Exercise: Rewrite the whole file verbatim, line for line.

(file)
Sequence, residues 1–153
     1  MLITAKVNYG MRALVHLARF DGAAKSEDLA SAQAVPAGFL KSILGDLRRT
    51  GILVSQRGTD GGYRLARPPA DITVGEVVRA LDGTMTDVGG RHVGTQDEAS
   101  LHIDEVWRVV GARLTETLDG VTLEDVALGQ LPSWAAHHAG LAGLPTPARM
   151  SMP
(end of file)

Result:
Sequence, residues 1–153
     1  MLITAKVNYG MRALVHLARF DGAAKSEDLA SAQAVPAGFL KSILGDLRRT
    51  GILVSQRGTD GGYRLARPPA DITVGEVVRA LDGTMTDVGG RHVGTQDEAS
   101  LHIDEVWRVV GARLTETLDG VTLEDVALGQ LPSWAAHHAG LAGLPTPARM
   151  SMP